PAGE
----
I. Does 25 U.S.C. 472 apply to tranfers and reassignments within the Bureau of Indian Affairs which are purely lateral?8
II. Does that section allow the granting of exceptions to the preference policy with reference to promotions, as well as with respect to lateral transfers or reassignments, for exceptional administrative or management reasons?
* The appellants argue that the district court's order is erroneously broad because it gives Indians preference 'even as regards purely lateral reassignments . . . where a job and/or its occupant is merely relocated.' They rely upon statements in Mescalero Apache Tribe v. Hickel, 432 F.2d 956, 960 (10th Cir. 1970), supra, and draw particular attention to a comment that 'the language of 472 was specifically limited to 'appointments to vacancies' because of concern that the section as originally drafted would allow qualified Indian applicants to immediately displace 'white' employees of the B.I.A.'
But the reason Mescalero did not apply the Indian preference to reductionin-force situations was simply that no 'appointments to vacancies' within the contemplation of the preference statute were involved. The declaratory judgment under review here covers only 'personnel movements . . . intended to fill vacancies in the (BIA) agency, however created . . ..' Under the order if no vacancies to be filled exist the preference does not apply, but if there is a vacancy to be filled, whether for initial hiring, or by or as a result of promotions, lateral transfers or reassignments in the Bureau, it does apply. We agree with the district court that this is what Section 472 means, and requires.9
Vague reference is made by appellants to 'mere' relocations of jobs or reassignments of duties essential to efficient administration, which they imply are undesirably inhibited by the district court's judgment. It would be inappropriate for us to pursue such generalities not involved in the situations of the plaintiffs nor defined in the record, except to indicate, as did the trial court, that only appointments to vacancies are covered by the preference; readjustments in assignments or tasks not involving the creation of, or appointment to, vacancies are unaffected, unless of course these personnel adjustments are used as mere subterfuges to avoid the statute as interpreted here.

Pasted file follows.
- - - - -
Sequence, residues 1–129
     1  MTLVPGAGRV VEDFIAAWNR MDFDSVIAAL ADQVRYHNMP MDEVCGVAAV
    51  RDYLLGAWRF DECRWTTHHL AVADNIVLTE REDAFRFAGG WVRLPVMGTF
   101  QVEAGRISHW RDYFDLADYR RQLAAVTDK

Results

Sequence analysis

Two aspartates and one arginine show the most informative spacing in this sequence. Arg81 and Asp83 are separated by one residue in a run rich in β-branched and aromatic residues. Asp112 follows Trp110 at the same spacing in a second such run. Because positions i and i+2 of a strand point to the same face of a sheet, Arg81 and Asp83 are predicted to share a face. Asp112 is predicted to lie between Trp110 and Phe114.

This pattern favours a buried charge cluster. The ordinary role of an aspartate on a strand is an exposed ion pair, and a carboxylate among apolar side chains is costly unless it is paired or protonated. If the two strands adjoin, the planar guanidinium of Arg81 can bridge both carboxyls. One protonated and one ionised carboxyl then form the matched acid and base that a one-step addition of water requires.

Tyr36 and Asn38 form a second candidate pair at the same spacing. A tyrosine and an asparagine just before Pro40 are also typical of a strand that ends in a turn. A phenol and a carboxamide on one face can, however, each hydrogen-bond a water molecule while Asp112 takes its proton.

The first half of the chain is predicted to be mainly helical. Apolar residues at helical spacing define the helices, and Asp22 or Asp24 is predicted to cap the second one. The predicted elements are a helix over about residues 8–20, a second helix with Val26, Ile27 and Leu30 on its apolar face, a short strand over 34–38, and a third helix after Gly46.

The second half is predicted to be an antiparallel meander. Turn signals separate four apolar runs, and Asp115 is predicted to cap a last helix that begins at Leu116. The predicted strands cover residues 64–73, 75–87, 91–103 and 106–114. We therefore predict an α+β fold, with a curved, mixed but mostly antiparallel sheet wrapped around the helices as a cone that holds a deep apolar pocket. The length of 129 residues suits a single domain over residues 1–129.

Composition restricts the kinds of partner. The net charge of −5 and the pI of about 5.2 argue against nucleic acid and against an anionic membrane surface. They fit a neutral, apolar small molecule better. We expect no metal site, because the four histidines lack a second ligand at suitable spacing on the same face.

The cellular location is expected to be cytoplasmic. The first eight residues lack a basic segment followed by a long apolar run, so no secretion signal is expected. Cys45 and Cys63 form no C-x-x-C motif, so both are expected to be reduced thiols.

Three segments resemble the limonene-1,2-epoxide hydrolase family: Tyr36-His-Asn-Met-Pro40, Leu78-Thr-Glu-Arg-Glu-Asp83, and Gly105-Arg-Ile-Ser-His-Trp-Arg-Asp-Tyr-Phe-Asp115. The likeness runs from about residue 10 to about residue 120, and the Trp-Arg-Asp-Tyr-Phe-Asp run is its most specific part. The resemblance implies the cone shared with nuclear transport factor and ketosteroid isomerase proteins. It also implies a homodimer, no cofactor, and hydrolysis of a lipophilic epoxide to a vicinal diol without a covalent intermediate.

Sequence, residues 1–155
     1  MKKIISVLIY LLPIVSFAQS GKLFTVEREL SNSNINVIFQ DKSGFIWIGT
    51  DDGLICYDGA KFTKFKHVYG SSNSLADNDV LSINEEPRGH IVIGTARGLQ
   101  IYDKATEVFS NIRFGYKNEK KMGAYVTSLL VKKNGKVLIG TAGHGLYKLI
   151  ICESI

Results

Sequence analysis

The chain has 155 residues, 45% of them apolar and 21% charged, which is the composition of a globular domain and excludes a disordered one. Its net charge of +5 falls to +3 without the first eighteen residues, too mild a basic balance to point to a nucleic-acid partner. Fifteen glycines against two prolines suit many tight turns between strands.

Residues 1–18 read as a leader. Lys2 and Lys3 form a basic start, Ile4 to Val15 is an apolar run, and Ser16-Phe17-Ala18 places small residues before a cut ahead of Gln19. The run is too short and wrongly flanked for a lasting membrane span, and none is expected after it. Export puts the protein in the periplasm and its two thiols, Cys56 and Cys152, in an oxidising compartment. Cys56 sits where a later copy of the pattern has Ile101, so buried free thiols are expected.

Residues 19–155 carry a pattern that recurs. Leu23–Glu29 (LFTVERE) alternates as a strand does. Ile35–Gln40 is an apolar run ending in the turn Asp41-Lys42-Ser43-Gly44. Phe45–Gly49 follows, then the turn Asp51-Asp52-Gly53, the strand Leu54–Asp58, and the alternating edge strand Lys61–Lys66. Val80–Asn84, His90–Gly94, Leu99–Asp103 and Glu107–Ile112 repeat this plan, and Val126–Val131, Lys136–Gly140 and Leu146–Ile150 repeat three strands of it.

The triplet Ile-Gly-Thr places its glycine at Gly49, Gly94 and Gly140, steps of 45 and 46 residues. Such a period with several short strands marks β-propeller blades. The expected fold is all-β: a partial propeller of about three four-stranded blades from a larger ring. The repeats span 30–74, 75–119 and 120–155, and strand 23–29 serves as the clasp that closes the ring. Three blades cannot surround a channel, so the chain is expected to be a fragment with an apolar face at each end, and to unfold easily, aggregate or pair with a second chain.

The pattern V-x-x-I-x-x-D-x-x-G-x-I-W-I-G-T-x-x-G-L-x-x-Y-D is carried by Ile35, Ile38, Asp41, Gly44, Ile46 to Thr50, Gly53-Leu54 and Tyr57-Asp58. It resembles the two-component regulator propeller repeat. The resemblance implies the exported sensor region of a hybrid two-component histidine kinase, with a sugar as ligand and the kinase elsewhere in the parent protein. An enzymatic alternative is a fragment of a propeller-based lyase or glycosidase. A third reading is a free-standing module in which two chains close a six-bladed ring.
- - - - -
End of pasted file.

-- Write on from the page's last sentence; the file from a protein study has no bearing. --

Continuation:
The most persuasive situation for an exception to the preference was specifically presented only after the entry of the court's order, in connection with the application for its stay:10 circumstances dictating the transfer of a particular non-Indian employee because of problems beyond his control or when his safety or continued effectiveness is threatened, for example. Even though such a necessity may be thought not to justify disregard of the preference in any lateral transfer to an existing vacancy, appellants argue that at least an exchange of positions would be proper to meet such an emergency. This lateral swapping of positions would bring into more acute question the meaning of 'vacancy' as well as 'appointment'. Where two employees of identical status, with the approval of their superiors, merely exchange positions it is suggested by appellants that there would be no vacancy with respect to either position. Of course if this device were to be employed to shift an employee contemplating retirement or promotion from a position having an available Indian replacement to a position (on a different reservation for example) having only non-Indian replacements available, obviously the intent of the statute under any view would be defeated. Yet appellees say that the BIA should be permitted to utilize in good faith this theory of exchange of positions without applying the Indian preference.
As tempting as this continued softening of the statute may appear, we cannot approve it. That would require an unacceptable torsion of the term 'vacancy' or the word 'appointment', or both. Whether a vacancy exists depends upon whether a position is vacant and susceptible of being filled, not upon how it is filled. According to appellants' argument, for example, if an employee in office A should retire, his former position would be vacant only if his replacement were either promoted to that position or hired from outside the BIA to fill it; the determination of whether a vacancy occurs would be delayed until the vacancy no longer existed. We believe Judge Corcoran correctly reasoned that when a position is open, needing to be filled, it is vacant in the contemplation of the statute, and if the position is filled by transferring to it an employee from a position of similar status somewhere else within the BIA, that employee's former position also becomes a vacant position to be filled with due regard for the Indian preference.